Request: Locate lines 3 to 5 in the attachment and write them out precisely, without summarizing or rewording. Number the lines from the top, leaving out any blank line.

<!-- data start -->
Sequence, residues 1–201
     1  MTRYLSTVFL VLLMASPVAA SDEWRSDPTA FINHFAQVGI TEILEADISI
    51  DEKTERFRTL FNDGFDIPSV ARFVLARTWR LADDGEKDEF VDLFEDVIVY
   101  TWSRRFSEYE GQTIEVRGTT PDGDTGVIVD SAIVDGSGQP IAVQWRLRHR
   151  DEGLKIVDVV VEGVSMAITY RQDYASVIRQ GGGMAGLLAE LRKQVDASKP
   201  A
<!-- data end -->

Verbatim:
    51  DEKTERFRTL FNDGFDIPSV ARFVLARTWR LADDGEKDEF VDLFEDVIVY
   101  TWSRRFSEYE GQTIEVRGTT PDGDTGVIVD SAIVDGSGQP IAVQWRLRHR
   151  DEGLKIVDVV VEGVSMAITY RQDYASVIRQ GGGMAGLLAE LRKQVDASKP